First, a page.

beside the mainline in a field. We cooled our heels for a good
two hours here with not a train in sight. BUT...as we
kept telling ourselves...it sure beats working! Indeed,
it was a fine, sunny day about 70 degrees and blue sky.
Finally, we decided to press on to Bonners Ferry and have a look
around there. We took the scenic route which more or less follows the
tracks including the nifty bridge and tunnel combination just north
of the end of Naples siding. At B.F., there just wasn't anything
happening and nothing on the radio, so we turned around and headed
back to Naples. Heading back on U.S. 95, the radio came alive.
An eastbound was talking to the work crew at Elmira. Would we
make it in time?
Yes, just barely. Fortunately for us, this grain train was just
creeping down the mainline allowing us just enough time to photograph
the units from different angles. We jumped in the truck in the hopes
of getting a shot of it at the east end of Naples with the tunnel,
but he suddenly took off, got it up to 60mph, and left us in the
dust. We turned back.
We pulled in at the rustic Naples General Store for some pop and
snacks. A couple from California left the rat race behind and
set up shop -- and have been happily at that location for 20 years!
Business was good with a steady stream of townsfolk passing through.
Figuring we had exhausted the Naples angle, we headed back to
Sandpoint for a little GN-sleuthing.
We first checked into our Super 8 for the night, then headed west
from there until we reached the former GN tracks. There's still
a small yard there used by (I think) the Pend Oreille Valley
Railroad (POVA) which runs from Sandpoint to Newport on the old
GN mainline, then takes the ex-Milwaukee Road up the river to
A small train was parked at the west end of the yard, but it
was Scott who found the catch of the day. On its own side
track and basking in the sunshine was a pristine GN Big Sky
Blue boxcar! Well, 35 years of sunshine had faded the paint
to a dusty, powder blue. This was great. We took pictures
from every angle. Oddly enough, the car was built in April 1970,
one month AFTER the BN merger. I guess they didn't want to
waste all that blue paint.
Scott also spotted what looked like a depot far down the tracks.
I had thought the Sandpoint depot had been dismantled some
years ago, but I was game to check this one out.
We wound our way through neighborhoods, past an elementary
school just letting out and viola! Wow, that sure looks
like an old GN depot to me -- right down to the rounded
end boards on the side of the building. I took a couple
grab shots for posterity.
Just for the heck of it (and to kill some time before din din),
Scott and I headed west along US 2 and the old GN mainline.
Visions of Western Stars, dancing in our heads. The track
is now torn out between just west of Newport and Dean, WA,
so streamliners on this line are only a dream.
At Newport, the local museum had closed but there were still
decent shots to take including the GN depot and a very funky
Central Kansas/Hudson's Bay switcher in the yard (how's THAT
for a combination?)
On the way back we stopped at Priest River and shot a couple
units shut down on the side track.
It was getting on towards supper time, so we made our way
to the "Powerhouse", a two story, brick building now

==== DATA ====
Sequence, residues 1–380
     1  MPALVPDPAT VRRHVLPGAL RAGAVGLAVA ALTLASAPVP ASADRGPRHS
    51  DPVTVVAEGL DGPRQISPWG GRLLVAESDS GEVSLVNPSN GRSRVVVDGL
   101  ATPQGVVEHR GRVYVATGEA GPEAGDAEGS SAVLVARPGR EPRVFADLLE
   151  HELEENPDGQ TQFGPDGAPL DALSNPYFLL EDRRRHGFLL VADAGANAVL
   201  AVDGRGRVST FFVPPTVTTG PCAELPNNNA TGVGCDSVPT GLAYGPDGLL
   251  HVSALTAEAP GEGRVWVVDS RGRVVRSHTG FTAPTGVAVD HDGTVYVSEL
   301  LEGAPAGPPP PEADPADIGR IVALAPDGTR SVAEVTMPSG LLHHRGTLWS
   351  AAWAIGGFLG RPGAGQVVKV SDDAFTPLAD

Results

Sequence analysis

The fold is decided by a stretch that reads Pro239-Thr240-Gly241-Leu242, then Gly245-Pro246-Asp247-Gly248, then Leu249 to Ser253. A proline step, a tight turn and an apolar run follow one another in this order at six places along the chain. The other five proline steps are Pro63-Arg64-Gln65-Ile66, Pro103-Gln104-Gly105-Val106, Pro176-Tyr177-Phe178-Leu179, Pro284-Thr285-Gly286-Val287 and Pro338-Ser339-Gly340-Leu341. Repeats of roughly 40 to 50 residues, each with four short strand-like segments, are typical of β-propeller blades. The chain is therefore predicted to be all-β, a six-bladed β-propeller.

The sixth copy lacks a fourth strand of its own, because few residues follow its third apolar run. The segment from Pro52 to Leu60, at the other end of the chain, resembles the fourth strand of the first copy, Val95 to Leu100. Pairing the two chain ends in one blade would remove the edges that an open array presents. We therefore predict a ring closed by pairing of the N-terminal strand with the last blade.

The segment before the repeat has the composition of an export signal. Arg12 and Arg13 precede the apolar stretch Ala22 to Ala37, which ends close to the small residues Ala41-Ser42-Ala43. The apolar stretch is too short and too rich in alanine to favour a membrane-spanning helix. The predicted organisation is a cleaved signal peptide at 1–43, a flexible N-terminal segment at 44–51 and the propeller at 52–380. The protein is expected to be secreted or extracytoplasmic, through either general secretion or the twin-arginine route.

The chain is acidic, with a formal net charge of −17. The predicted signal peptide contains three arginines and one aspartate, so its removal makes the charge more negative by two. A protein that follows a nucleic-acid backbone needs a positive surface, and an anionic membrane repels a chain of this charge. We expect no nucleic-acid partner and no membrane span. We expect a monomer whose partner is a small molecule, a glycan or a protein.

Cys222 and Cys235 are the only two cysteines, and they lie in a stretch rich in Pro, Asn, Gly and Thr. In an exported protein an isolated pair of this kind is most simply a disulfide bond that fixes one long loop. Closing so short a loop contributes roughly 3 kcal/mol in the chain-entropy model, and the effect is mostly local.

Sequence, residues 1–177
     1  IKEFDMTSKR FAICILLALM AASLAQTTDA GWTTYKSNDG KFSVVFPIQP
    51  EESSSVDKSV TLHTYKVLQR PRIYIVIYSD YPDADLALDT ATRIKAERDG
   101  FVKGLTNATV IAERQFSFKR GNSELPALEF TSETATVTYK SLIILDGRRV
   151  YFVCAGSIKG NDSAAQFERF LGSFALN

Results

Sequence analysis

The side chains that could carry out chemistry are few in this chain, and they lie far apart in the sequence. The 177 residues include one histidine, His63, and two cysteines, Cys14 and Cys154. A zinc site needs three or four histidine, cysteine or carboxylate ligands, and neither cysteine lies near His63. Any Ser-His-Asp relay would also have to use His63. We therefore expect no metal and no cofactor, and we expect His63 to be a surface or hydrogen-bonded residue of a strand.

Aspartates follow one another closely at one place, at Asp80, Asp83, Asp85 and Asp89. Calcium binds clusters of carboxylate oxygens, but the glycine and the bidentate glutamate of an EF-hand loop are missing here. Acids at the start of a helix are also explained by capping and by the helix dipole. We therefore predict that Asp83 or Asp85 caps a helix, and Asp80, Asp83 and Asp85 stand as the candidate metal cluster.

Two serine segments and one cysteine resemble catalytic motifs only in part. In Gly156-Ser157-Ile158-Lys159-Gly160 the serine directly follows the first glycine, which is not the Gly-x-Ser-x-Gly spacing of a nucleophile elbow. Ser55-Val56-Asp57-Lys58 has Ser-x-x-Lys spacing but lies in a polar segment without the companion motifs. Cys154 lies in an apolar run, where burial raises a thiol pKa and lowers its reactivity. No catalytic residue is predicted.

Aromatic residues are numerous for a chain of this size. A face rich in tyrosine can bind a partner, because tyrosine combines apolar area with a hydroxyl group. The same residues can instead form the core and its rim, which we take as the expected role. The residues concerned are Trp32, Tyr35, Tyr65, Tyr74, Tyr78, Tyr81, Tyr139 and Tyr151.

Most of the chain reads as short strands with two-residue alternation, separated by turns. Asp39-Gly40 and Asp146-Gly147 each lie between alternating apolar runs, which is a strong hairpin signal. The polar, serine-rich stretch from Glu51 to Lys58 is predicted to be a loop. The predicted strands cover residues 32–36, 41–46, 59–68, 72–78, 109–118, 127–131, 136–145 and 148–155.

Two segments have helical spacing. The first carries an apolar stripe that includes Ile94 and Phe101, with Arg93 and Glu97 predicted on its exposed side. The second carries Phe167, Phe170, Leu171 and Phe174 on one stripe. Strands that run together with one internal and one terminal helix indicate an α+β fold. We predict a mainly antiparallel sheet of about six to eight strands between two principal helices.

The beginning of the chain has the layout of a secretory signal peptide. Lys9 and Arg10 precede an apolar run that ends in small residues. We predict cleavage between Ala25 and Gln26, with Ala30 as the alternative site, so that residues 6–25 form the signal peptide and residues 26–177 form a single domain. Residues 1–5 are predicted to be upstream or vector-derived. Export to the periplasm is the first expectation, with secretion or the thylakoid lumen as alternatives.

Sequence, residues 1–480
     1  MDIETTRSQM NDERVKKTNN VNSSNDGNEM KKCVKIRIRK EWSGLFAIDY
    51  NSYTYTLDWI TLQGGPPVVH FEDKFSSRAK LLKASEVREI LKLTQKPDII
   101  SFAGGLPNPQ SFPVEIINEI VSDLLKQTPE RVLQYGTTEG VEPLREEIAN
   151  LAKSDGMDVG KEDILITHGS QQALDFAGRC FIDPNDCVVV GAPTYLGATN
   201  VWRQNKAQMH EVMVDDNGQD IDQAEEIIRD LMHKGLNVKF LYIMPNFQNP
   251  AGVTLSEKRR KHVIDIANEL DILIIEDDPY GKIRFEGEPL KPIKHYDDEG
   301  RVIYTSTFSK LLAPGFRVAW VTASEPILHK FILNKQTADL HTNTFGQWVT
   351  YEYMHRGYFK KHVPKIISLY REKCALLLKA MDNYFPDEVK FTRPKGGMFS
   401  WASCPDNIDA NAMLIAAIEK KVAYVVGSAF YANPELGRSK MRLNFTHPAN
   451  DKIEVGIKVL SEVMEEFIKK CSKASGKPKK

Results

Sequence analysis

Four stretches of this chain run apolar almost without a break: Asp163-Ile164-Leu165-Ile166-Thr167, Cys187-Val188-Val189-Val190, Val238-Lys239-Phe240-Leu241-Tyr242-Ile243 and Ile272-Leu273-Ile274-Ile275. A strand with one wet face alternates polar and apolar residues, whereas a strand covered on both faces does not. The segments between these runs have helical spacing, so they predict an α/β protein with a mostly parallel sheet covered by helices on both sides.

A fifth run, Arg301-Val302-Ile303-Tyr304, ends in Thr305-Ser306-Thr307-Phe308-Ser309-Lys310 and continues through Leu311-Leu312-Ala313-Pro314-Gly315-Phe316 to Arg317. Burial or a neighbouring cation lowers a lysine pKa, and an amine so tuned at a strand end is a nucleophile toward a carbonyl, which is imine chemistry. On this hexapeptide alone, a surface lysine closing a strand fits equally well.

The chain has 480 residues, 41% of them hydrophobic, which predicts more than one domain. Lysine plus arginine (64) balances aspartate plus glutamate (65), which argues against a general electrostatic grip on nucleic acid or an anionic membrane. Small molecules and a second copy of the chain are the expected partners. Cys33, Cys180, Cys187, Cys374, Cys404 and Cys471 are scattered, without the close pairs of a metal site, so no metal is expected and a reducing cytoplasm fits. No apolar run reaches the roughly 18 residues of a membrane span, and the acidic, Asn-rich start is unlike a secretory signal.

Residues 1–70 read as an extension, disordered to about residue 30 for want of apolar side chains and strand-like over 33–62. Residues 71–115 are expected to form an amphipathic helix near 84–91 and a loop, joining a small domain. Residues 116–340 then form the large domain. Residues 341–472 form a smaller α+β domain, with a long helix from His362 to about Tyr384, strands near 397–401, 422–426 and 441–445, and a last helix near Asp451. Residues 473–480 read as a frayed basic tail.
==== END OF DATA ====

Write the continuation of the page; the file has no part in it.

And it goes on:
used as a bar/restaurant featuring an outdoor deck with
a sweeping view of the local marina AND the BNSF mainline.
We ordered a couple brewskis. It didn't take long. In
about 10 minutes a westbound rolled by and we both snapped
some pictures in the sunshine.
Nice huh? Well, right after that, the sun went
behind a cloud and some ominous black skies rolled in.
The rain began to fall and we headed inside. Still,
we couldn't have picked a better day for railfanning,
all things considered.
Saturday, June 10, 2006
Another early start! I enjoyed a waffle with boysenberry
syrup at the hotel lobby (hot bad!). We checked out
and headed west towards Spokane.
The weather had turned positively Seattle-ish. Dark
gray skies and a smattering of rain. As we tooled
down US 95, sure enough, we came upon a unit coal
train going the same direction as us.
As you can see, the pictures turned out nowhere near
as nice as yesterday, even with digital. Still, that's
quite an eclectic blend of road power with the following
consist: BNSF 9216 SD60M, ATSF 8229 SD75M, BN 9547
SD70MAC in "Grinstein Green", Oakway 9051 SD60.
After the last car passed by, we set off in pursuit again.
This time I picked the curve and huge cut at Granite, ID
which we had missed on our way up here.
After this photo stop, there was no chance of catching the train again
on the 60 mph railroad to Spokane. It was a moot point anyway
because the heavens opened up and the rain started POURING down.
We stopped at a Starbucks (the world's slowest) in Spokane whilst
Scott got his morning coffee.
We had intended to follow the ex-GN mainline from about Edwall
west, but it was raining streetcars, so we pressed SW on I-90
instead. Just outside of Sprague, I commented to Scott that,
"I'd always wanted to get a picture here" where I-90 crosses
the former NP line to Pasco. Lo and behold, there was a headlight
on the horizon!
The rain had cleared up reasonably well, so a couple "prairie" shots
were called for.
Encouraged by this sign of train hype (no MOW work on weekends), we
decided to punch north to catch the ex-GN at Odessa and follow it
west. It was a long drive north through endless green wheat fields.
As we descended the hill into Odessa, we spotted a westbound coming
down the hill! Talk about timing. And get this. He was holding
at the siding for an eastbound just going through town.
We chased this train on Hwy 28 until we reached the turnoff for
Marlin/Krupp. Always wanted to check it out. Tore down the road and into
town not a moment too soon.
I didn't think it was possible to catch it again, but we sped on
reaching the turnoff for Wilson Creek in record time. I pulled up
at the crossing for a couple broadsides of the power.
Next we headed into Wilson Creek for a look-see at the X-280 caboose.
Since my last visit, it had faded to a lovely shade of pink. Not
worth a frame. The sun must be brutal out here in summertime.
That would about be it for our day's fanning. Both of us were
ready to call it a day, so we punched south for I-90 and headed
for home. In summary, it was an enjoyable journey. I'm still
tickled about that Sandpoint depot picture as well as the GN
boxcar Scott found. See you next year?!